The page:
NEW YORK—Late in the season, as the N.Y. Mets closed in on their NL East championship, one opponent after another sat in the visitors’ dugout at Citi Field and commended manager Terry Collins.
“Real happy for T.C.,” was the sentiment echoed by Atlanta skipper Fredi Gonzalez and others.
The popular Collins, at 66 the oldest manager in the majors and the consummate example of a baseball lifer, is about to make his playoff managerial debut.
He’s one of four bench bosses who reached the post-season for the first time this year—each the fulfilment of a unique journey.
“It means a lot to me,” Collins said late last week.
“We sat up here and we told our fan base and our media that it’s going to get better, and next year we’re going to win,” he noted.
“And then to be sitting today and say we told you, it means a lot. It does.”
Texas rookie Jeff Banister, Toronto retread John Gibbons, and Houston whiz kid A.J. Hinch are the other managers making their initial playoff moves this month.
In his second stint running the Blue Jays, Gibbons finally guided them to their first playoff berth in 22 years.
The AL East champs host Banister and the Rangers on Thursday in the opener of their best-of-five division series.
“I was able to exhale a little bit,” Gibbons said. “A lot of satisfaction.”
Now comes the hard part.
Even the first-timers are well aware that being a novice is no picnic in the playoffs, when every pressure-packed decision gets magnified and scrutinized.
Plenty of successful managers, from Casey Stengel and Grady Little years ago to Matt Williams and Ned Yost just last season, have been widely criticized—even vilified—for fateful moves gone wrong.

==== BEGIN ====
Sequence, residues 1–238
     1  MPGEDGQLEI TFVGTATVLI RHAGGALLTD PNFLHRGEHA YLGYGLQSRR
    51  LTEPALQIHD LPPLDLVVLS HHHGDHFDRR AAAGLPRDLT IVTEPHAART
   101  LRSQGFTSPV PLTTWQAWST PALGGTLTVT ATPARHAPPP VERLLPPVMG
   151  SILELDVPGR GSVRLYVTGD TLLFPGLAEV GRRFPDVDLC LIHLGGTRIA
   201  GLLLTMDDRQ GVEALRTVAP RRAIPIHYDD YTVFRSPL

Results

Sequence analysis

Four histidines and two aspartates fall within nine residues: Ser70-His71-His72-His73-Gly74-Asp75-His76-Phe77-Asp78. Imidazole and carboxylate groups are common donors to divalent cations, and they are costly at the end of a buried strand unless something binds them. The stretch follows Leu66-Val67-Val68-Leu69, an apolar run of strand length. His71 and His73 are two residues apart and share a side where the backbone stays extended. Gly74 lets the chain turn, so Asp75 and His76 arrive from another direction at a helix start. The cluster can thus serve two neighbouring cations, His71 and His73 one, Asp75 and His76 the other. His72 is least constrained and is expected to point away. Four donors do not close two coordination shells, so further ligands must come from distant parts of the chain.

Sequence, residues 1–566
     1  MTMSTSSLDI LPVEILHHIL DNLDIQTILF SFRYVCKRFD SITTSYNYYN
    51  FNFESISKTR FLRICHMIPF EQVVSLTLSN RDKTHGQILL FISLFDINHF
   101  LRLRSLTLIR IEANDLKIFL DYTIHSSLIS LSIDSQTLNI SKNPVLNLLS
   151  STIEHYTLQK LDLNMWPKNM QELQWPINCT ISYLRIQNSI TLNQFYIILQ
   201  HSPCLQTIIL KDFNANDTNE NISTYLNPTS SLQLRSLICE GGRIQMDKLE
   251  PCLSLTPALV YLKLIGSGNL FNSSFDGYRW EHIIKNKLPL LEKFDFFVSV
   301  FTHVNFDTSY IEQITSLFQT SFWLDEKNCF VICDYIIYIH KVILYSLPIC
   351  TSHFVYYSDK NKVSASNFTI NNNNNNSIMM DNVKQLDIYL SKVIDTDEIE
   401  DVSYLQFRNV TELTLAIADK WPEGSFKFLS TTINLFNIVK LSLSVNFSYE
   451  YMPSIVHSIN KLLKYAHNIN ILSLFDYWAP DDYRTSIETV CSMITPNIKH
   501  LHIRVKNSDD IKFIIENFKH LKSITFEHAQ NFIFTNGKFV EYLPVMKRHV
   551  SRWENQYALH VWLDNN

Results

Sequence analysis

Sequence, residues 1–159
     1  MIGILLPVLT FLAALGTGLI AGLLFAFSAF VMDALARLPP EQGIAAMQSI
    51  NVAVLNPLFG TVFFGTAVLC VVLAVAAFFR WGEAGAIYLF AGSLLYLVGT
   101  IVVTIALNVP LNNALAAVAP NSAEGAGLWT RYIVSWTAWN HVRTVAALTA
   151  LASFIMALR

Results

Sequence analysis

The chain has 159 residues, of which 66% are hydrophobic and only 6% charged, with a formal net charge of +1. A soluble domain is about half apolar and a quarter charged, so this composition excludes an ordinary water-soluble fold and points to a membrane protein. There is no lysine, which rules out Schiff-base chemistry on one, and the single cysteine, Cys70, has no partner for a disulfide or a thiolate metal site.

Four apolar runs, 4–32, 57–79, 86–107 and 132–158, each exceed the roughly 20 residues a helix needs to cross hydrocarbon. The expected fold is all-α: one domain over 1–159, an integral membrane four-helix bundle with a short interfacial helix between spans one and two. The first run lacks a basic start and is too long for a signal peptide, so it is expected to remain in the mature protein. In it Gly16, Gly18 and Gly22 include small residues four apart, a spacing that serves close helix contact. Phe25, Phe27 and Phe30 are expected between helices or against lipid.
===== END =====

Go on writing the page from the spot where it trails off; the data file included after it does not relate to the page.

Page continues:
At this time of year, fans are not forgiving.
“The first thing you have to do is forget about the regular season,” said Hall-of-Fame hockey coach Scotty Bowman, who chatted with Gibbons behind the batting cage Saturday before the Jays faced Tampa Bay.
“The way you played in the season is probably not going to be good enough,” he noted.
“You’ve got to be a little better.”
Bowman won a record nine Stanley Cups. Collins and the rest of this year’s playoff neophytes, meanwhile, have been working their entire careers to earn one shot at a World Series ring.
“I’m a baseball guy and I’m a baseball development guy,” noted Collins, who leads the Mets against the Dodgers beginning Friday night in L.A.
“This summer, all I did was write the lineup and try to keep the clubhouse a fun place to be, and it worked out,” he remarked.
“So I was pretty happy the other day when we won that thing.”
Hinch gets the first crack at winning in the playoffs when his surprising Astros play at Yankee Stadium in the AL wild-card game tonight.
“Octobers usually come through New York. At least they have in my career,” Hinch noted yesterday.
Hinch was 34, and by far the youngest manager in the majors, when the Stanford graduate took over the Arizona Diamondbacks in 2009.
With no previous experience in that role, his ineffective tenure didn’t last long. But he’s been a big hit this year in his first season piloting the young Astros.
“Very open door. Very much a player’s manager,” said Houston ace Dallas Keuchel.
“For us, that’s great. We need a guy like that, that lets us play,” he noted.
“Kind of a trial by fire but he has our backs,” Keuchel added.
“That’s what he’s done all year.”